September lies in wait after August. It’s time to think about the singing that lies ahead, whether you’re in front of the choir or in front of the director.
And what’s a rehearsal without a warm-up?
The ascending five-note warm-up is the old grey mare in the singer/director/s stable!
Remember your first voice placement screening? Indeed, most of us start on a comfortable low note and go up by half-steps until the some alto puts her foot down or our own voice gives out.
Well, as many of us get ready for the fall choir season, why not try something new! Instead of going up and then down.
GO DOWN AND THEN UP!
And if that isn’t heretical enough, instead of working your way up by half-steps,
GO DOWN BY HALF-STEPS!
This is much easier on the voice. Singers inevitably associate rising pitches with stress and start tightening and squeezing every available muscle Just keep it light and easy, musical and pleasing.
After you’ve gone down for a while, go back to the starting point and go up. The pattern is still five DOWN and back up. Your basses and altos will love you, even if the sopranos and tenors have to hold off on their soaring. You and your singers will be more relaxed, especially if no one has been doing much singing over a summer break.
Remember, warm-ups should be easy and relaxed whether performed in the shower (where I sound magnificent!), in the car (where I focus on the relaxation aspect), or in a rehearsal.
So, stand your warm-up on its head! I promise you’ll love it.
In some parts of the world, May seems like a long time coming. Here’s an amusing performance of Praetorious’ Philou. Enjoy it as a pleasant reminder of the secular that ran alongside the sacred, which we sometimes forget. And a celebration of multi-tracking, if that’s your pleasure.
I’m not a great reader of sermons. (Actually, not a great listener either.) However, Fr. Cipolla of St. Mary’s, Norwalk, Connecticut provides a lovely meditation on the risks and rewards of beauty in the search of truth and goodness.
It’s over at Rorate Caeli and is definitely worth a read by those who love fine liturgy and music.
Many thanks to Fr. Cipolla, a man who always knows what he’s talking about.
Have you wondered about the Ward Method? Thought it might change the way you teach music with children? For the better? Did you do the basic course and you want to take it further?
The Church Music Association of America (CMAA) is offering you a chance to find out about Ward and take your practice deeper this summer at Duquesne University in Pittsburgh, June 26-30, 2017.
There will be two courses offered.
Ward Method I – That All May Sing will be taught by Scott Turkington. Participants will learn the basic principles and the practice of this method developed by Justine Ward in the early 20th century and how it can be used with our 21st century children. Its fundamental principle is that all children can learn to sing, not just those with natural gifts.
Ward Method II – Intermediate moves beyond the first year. Wilko Brouwers will share his expertise and experience with the method to pass on more advanced techniques. It will expand on the training in Ward Method I.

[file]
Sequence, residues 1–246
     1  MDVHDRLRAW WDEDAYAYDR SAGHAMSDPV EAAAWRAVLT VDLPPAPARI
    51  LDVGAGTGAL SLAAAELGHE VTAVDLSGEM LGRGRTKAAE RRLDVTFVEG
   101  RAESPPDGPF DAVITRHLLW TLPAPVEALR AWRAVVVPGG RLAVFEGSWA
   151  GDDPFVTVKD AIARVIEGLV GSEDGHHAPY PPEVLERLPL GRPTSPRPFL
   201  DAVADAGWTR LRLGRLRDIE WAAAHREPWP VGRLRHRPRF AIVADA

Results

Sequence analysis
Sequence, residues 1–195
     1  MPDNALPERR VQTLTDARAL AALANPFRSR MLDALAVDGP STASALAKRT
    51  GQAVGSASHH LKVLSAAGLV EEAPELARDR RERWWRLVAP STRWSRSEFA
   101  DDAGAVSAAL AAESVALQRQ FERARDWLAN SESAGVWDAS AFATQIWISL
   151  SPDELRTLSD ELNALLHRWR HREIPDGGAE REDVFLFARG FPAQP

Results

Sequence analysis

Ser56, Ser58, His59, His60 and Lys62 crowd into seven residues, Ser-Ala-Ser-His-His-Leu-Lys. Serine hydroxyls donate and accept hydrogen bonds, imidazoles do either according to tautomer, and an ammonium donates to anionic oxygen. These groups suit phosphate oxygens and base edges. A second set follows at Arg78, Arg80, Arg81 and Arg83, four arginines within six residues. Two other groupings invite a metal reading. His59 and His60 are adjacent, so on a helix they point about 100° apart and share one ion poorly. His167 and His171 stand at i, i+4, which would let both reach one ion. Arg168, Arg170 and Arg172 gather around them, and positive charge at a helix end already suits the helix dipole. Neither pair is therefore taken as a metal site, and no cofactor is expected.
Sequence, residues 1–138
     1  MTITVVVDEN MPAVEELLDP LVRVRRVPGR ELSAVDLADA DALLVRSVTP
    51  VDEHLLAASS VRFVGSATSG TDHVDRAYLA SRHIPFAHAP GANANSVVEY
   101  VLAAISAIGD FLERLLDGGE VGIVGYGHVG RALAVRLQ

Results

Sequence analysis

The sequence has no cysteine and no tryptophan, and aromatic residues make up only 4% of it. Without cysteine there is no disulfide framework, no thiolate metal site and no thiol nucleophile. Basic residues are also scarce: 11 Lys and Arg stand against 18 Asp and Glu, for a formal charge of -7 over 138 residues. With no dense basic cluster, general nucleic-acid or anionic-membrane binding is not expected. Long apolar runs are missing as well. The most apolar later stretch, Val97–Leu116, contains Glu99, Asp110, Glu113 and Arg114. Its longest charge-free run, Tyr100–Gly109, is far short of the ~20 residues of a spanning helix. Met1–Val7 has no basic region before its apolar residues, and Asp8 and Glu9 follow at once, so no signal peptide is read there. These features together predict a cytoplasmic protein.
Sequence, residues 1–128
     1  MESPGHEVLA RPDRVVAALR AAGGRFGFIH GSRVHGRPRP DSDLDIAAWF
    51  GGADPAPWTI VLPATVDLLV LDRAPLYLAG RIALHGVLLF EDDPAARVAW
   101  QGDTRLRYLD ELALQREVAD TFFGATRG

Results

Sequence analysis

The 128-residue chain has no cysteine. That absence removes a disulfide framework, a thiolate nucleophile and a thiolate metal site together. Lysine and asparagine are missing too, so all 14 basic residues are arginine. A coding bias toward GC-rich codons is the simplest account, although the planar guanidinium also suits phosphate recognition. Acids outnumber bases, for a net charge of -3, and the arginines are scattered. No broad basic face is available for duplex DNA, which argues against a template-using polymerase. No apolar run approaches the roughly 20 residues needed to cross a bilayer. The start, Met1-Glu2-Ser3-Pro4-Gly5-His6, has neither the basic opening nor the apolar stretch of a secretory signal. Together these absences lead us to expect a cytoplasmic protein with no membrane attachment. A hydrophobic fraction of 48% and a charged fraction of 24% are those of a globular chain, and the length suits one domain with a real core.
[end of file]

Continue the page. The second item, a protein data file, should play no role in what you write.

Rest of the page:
Both Scott Turkington and Wilko Brouwers are experienced and gifted teachers, not only of children, but of teachers as well.
The CMAA is convinced that this method has great value for developing future generations of singers, both those in the choirs and those in the pews. You can be part of that project.
You can learn more details about the courses and register at musica.sacra.com by following this link: CMAA Summer Courses.
Help the past and the present build our musical future!
The Easter Vigil (Resurrection Matins and Divine Liturgy) is a marathon that makes the Roman Catholic vigil resemble a walk in the park.
The link below comes from Georgia (the country, not the state), where John Graham, a historical musicologist, lives and leads cultural tours. Click on different bits on the videos from this monastic celebration. It’s really rough, “guy music,” at its Caucasian best. Enjoy it!
Most of us agree that the training of future singers is of paramount importance for the continued revival of fine sacred music. The Ward Method is a proven system for developing young voices to sing with understanding and a beautiful tone.
Right now, the Church Music Association of America has commissioned a new songbook for use with the Ward Method.
AND YOU CAN HELP MAKE IT HAPPEN!
Any donations received by June 1, 2017 will be matched by a generous donor up to a total of $5,000. Every dollar you give will be doubled. No donation is too small.
Why not head over to the CMAA website devoted to this project and learn more about “Now I Walk in Beauty”? And we hope you’ll be able to help. If you’ve already contributed, many thanks!
What better way to start off the New Year than with great music, terrific directors, and good company? January 2-6, 2017 is the time, Birmingham is the place.
You can find all of these if you attend the Winter Sacred Music 2017 conference in Birmingham, Alabama. Scott Turkington and Nick Botkins will be leading classes in chant and polyphony (two each). The culmination of you and your companions’ efforts will be an Ordinary Form Mass for the Memorial of St. John Neumann on January 5th and an Extraordinary Mass for the Epiphany on January 6th, both at the splendid Gothic Revival Cathedral of St. Paul. In addition, Dr. William Mahrt will offer breakout lectures that will deepen your understanding of the history and role of our great patrimony.